A colon polyp is a growth of extra tissue in the lining of the rectum or colon. It is a benign tumor that can usually be removed during a colonoscopy.
Most colon cancers develop from precancerous polyps called adenomatous polyp or sessile serrated polyp (SSP). If an adenomatous polyp or SSP is left to grow in the colon, it can become malignant over time. Therefore, by removing these polyps early, the chances of developing colon cancer are significantly reduced.
People who have a higher risk of adenomatous polyps include those who are 45 and older, who have had polyps previously, or who have a family history of polyps or colon cancer. However, not having a family history of the disease does not eliminate the risk. In fact, 80 percent of those diagnosed with colon cancer have no family history.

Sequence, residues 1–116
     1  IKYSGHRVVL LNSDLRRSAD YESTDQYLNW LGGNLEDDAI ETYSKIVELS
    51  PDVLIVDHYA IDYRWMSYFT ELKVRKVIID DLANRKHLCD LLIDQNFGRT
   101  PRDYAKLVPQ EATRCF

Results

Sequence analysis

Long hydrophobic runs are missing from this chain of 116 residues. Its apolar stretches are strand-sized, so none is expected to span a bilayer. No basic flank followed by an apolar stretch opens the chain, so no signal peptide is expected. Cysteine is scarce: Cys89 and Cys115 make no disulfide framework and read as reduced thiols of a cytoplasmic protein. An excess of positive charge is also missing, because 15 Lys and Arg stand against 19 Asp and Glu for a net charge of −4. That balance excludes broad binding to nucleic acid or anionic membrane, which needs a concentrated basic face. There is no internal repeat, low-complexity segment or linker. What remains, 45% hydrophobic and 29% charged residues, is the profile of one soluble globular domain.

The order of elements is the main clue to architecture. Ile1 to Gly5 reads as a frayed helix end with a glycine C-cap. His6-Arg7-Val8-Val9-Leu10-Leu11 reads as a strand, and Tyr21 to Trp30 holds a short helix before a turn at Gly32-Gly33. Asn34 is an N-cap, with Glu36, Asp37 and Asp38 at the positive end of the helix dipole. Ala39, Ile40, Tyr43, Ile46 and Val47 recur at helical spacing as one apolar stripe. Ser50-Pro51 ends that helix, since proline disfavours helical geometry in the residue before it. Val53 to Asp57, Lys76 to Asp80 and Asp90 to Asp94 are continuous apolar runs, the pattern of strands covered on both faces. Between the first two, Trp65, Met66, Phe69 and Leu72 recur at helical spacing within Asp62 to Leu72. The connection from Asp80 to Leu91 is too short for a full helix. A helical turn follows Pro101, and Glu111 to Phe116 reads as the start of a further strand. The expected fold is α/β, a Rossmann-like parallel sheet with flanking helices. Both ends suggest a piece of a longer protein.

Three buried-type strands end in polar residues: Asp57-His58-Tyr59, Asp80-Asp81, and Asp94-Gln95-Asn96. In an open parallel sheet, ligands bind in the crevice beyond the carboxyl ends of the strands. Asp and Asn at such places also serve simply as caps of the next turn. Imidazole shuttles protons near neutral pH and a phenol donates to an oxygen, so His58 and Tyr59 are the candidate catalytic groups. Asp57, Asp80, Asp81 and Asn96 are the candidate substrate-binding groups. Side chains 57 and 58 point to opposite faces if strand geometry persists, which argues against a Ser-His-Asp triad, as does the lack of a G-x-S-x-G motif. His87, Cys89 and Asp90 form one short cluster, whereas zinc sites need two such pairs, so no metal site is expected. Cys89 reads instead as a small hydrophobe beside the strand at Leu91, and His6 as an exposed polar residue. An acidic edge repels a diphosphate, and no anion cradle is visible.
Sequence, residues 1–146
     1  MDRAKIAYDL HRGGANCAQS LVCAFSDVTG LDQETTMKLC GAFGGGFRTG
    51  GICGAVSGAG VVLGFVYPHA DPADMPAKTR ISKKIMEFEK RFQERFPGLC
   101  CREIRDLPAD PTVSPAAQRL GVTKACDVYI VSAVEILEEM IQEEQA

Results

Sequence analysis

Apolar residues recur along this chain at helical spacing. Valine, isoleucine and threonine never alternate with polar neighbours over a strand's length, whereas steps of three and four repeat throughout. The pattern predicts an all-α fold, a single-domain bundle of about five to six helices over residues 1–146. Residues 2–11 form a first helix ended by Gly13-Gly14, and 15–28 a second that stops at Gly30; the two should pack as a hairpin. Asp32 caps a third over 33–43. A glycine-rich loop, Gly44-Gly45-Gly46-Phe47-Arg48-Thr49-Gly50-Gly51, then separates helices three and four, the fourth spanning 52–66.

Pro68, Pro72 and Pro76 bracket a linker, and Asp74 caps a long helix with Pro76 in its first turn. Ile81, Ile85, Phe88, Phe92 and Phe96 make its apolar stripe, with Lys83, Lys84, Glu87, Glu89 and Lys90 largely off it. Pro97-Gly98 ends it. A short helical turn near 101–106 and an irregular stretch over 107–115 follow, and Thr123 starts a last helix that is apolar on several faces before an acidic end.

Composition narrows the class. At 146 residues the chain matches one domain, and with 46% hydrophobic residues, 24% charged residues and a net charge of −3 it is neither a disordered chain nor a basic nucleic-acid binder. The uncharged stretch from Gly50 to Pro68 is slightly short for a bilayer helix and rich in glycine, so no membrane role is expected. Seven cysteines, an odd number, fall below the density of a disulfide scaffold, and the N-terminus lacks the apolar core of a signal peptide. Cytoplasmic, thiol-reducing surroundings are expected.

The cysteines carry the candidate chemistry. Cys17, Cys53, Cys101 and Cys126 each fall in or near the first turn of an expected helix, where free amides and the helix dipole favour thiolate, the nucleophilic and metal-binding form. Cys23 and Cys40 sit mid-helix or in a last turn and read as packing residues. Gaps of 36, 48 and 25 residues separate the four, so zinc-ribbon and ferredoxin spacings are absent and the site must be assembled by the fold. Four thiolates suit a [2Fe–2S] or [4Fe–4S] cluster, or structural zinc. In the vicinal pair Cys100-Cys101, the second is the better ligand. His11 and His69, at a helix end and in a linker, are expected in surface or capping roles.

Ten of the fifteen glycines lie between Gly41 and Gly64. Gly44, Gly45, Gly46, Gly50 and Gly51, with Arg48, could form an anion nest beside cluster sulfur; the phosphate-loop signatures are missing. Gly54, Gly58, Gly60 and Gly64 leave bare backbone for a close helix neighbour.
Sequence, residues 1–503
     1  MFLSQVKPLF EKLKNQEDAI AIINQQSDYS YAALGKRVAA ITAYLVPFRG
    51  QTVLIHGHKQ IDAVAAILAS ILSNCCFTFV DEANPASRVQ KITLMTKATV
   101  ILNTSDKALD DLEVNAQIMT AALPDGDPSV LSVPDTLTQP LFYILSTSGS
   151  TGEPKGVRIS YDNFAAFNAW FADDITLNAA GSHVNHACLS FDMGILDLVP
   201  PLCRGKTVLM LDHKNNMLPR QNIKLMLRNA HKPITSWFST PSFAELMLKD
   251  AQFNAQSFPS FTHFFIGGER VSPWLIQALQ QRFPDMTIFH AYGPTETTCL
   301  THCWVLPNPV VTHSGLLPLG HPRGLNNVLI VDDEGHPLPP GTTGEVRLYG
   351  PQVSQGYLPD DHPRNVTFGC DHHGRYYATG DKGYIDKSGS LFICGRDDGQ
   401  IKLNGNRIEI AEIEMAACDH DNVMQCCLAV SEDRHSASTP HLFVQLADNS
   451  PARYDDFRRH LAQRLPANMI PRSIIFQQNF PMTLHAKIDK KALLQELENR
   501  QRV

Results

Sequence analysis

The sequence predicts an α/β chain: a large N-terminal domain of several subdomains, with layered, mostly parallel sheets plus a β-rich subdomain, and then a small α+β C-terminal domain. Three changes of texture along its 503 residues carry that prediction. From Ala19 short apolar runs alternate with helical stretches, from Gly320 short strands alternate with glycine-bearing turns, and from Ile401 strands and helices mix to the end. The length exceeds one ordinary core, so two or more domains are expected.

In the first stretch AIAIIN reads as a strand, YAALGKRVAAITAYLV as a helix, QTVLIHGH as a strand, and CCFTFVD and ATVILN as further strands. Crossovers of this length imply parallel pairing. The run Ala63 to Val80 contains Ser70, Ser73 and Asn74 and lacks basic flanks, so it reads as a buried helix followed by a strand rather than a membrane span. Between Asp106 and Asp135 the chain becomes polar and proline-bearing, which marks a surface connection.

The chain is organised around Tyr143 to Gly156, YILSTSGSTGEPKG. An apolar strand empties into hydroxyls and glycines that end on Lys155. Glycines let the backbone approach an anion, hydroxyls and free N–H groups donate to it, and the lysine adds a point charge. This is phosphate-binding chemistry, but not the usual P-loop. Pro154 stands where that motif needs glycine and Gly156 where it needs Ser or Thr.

Polyps generally do not cause symptoms. If a patient does have symptoms, they can include blood in their underwear or on toilet paper after a bowel movement, blood in stool, or constipation or diarrhea that has lasted more than a week.
Getting screened is the first step in preventing colon cancer. Several screening options are available, including colonoscopy and flexible sigmoidoscopy. Regular colonoscopies should begin at age 45 for people with an average risk of developing colon cancer. If you have a family history of polyps or colon cancer, many physicians may recommend getting your first colonoscopy at age 40 or even earlier, depending on your history. Some recent studies indicate that African Americans may need to start screening early than age 45. More frequent and earlier screening is recommended if you are at high risk for colon cancer.